The third of four Ramform Titan-class vessels, the Ramform Tethys, was celebrated in a naming ceremony at the Mitsubishi Heavy Industries Shipbuilding Co. yard in Nagasaki, Japan today.
PGS’ two first Ramform Titan-class vessels, the Ramform Titan and the Ramform Atlas were delivered in 2013 and 2014 and have delivered beyond expectations on all aspects, especially within safety, efficiency and productivity.
The Ramform Tethys, and the Ramform Hyperion, will be even better due to small modifications of equipment handling on the back deck and an increase in engine power to 26 400 kW from 23 040 kW on the first two Ramform Titan-class vessels.
“With the increased power output and the back deck modifications we are enhancing the Ramform Titan-class acquisition platform further. Productivity, safety, stability and redundancy are the key benefits of these vessels. Their ability to tow many streamers gives high data quality with dense cross-line sampling and cost efficient acquisition with wide tows,” says Per Arild Reksnes, EVP Operations.
The Ramform Tethys is the most powerful and efficient marine seismic acquisition vessel in the world, and along with the Ramform Titan and Ramform Atlas, the widest ships ever at the waterline.
The design dovetails advanced maritime technology to the imaging capabilities of the GeoStreamer® seismic acquisition technology. Her 70 meter broad stern is fully exploited with 24 streamer reels: 16 reels aligned abreast and 8 reels further forward, with capacity for 12 kilometer streamers on each reel. With such capabilities the Ramform Tethys has tremendous flexibility and redundancy for high capacity configurations. Increased work space and advanced equipment handling mean safer and even more robust operations. The Ramform concept design is made by Roar Ramde.
She carries over 6 000 tons of fuel and equipment. She will typically tow a network of several hundred thousand recording sensors over an area greater than 12 square kilometers, equivalent to nearly 1 200 soccer pitches, or 3.5 times Central Park.
For PGS and its clients, more rapid deployment and retrieval of equipment, as well as greater operational capacity will translate into faster completion of surveys and increased uptime in marginal weather. The period between major yard stays is also extended by approximately 50%.
The Ramform Tethys sets the new standard for seismic operations for the next 25 years.
Jon Erik Reinhardsen, President and CEO of PGS states in a comment: “The Ramform Tethys further strengthens our fleet productivity and together with the other Ramform Titan-class vessels will enhance our competitive edge. In the current challenging market environment we also experience more demand for our best capacity and Ramform Tethys will add to PGS ultra-high-end value proposition.”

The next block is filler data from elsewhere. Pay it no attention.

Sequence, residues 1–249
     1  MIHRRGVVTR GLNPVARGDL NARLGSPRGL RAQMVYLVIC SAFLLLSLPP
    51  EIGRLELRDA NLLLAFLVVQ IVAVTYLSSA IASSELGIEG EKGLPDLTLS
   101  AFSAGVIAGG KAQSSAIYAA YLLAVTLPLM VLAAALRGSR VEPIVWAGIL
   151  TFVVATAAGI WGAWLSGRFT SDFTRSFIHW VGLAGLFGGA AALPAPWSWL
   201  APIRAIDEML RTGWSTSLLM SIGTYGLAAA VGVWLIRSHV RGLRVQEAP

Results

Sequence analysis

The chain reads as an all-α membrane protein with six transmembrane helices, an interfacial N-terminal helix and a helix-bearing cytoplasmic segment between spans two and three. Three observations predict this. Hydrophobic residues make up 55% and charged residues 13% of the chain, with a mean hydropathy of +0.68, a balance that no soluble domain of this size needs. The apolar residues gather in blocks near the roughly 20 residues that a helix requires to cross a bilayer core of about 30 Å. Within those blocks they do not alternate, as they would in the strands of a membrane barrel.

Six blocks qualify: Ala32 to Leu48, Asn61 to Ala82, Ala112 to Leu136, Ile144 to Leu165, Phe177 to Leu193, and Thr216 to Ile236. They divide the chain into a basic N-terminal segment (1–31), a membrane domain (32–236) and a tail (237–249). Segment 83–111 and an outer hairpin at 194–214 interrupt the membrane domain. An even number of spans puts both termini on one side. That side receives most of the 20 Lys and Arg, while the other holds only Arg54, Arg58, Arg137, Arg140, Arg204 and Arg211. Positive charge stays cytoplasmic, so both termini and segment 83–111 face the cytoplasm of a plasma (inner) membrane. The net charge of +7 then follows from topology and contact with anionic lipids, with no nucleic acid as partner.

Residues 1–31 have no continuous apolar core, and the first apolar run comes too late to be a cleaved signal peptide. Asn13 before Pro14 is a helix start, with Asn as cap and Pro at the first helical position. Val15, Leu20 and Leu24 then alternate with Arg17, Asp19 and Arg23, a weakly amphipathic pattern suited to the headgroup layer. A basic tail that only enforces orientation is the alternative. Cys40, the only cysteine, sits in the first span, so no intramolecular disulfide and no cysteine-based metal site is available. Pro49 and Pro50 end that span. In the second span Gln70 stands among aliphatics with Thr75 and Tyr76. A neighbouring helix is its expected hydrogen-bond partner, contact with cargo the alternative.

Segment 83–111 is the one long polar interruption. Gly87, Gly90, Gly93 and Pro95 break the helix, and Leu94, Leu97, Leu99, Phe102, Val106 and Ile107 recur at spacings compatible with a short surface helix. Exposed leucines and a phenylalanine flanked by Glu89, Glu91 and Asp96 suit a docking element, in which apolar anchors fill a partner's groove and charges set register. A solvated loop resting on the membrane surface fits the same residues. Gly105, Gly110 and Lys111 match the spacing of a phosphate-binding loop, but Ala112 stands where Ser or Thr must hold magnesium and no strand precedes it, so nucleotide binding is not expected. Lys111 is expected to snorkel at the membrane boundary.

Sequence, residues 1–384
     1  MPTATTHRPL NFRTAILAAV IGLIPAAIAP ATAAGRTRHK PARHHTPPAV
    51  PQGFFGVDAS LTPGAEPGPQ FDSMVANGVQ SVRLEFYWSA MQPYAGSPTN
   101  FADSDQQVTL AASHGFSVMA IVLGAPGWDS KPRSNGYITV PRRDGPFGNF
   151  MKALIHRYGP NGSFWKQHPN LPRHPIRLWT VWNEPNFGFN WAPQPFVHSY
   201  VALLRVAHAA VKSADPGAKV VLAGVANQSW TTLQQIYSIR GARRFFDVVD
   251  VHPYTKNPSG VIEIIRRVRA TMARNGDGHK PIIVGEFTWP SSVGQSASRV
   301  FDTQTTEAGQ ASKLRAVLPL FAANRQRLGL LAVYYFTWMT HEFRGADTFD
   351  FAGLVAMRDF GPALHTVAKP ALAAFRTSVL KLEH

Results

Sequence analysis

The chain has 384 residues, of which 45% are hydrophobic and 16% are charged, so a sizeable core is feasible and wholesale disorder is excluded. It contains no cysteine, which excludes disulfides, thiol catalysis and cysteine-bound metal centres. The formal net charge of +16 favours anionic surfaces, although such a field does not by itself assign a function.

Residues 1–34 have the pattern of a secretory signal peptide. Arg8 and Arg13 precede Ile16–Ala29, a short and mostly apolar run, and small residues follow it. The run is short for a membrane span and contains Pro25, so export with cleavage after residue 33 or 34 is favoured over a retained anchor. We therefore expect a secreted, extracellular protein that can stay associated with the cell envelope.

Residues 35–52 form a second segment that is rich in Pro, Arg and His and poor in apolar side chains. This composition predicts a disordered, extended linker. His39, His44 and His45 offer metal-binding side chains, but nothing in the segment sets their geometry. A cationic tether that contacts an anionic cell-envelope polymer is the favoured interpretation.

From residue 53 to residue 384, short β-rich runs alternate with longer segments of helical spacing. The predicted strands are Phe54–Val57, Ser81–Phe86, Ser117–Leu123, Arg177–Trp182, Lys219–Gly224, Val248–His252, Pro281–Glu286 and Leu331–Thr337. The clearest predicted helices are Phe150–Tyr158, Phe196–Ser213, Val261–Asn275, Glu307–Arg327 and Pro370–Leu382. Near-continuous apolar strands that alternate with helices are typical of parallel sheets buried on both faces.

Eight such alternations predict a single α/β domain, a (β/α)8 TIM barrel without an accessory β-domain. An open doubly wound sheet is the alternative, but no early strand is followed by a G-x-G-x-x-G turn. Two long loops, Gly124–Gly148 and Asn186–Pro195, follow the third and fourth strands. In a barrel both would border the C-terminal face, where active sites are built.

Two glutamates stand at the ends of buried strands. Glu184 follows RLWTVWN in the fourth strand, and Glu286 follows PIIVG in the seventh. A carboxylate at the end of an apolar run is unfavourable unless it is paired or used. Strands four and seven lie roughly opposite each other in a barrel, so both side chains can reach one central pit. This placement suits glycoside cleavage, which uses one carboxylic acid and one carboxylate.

NOTE: Pictures and more facts on the Ramform Tethys are available on www.pgs.com
For details, contact:
Bård Stenberg, VP IR & Corporate Communications
Mobile: +47 992 45 235
Synthetic cable is stronger than steel on a strength-to-weight basis, which makes it an attractive option in marine environments. The key challenge of synthetic cable is what you do about the attachment points, or terminations.
Terminations can cut the tensile strength of synthetic cable by more than 50 percent, potentially defeating the purpose of going with synthetic to begin with. However, a well-designed and properly installed termination can preserve more than 75 percent of the cable’s strength.
The termination must be installed by the manufacturer of the termination. It can’t be installed like a traditional steel termination can. That means if you’re ordering a volume of synthetic fiber cable, you need to ship it to your cable accessory supplier and have them cut your cable to length and attach the terminations.
Once the termination is in place, it’s there permanently. It cannot be removed. Hence it pays to be careful about your choice of synthetic cable termination provider.
Getting it Right with Synthetic Cable Terminations
Synthetic cables have a vast range of uses in subsea environments. They can do high-tech jobs like protecting fiber optic cables that transmit data around the world. Or they can do more mundane tasks like holding floating platforms in place.
Each of these jobs require terminations and other accessories that are engineered specifically to get the most performance out of the cable and preserve its strength at the attachment point.
At PMI, we’ve worked with clients in the subsea cable sector for decades, so we know exactly how to apply the right termination for each application. We have the specialized equipment required to perform synthetic terminations, and we have people trained to make sure the attachment is done properly.
And, of course, we supply some of the world’s best subsea cable terminations for all these varied applications.
Synthetic cables are less prone to corrosion and much more flexible and easy to use in chaotic marine environments. Many of them even float. But their unique chemical composition requires extra care at the termination point. Ignoring this risk could easily undo your entire investment in synthetic cables.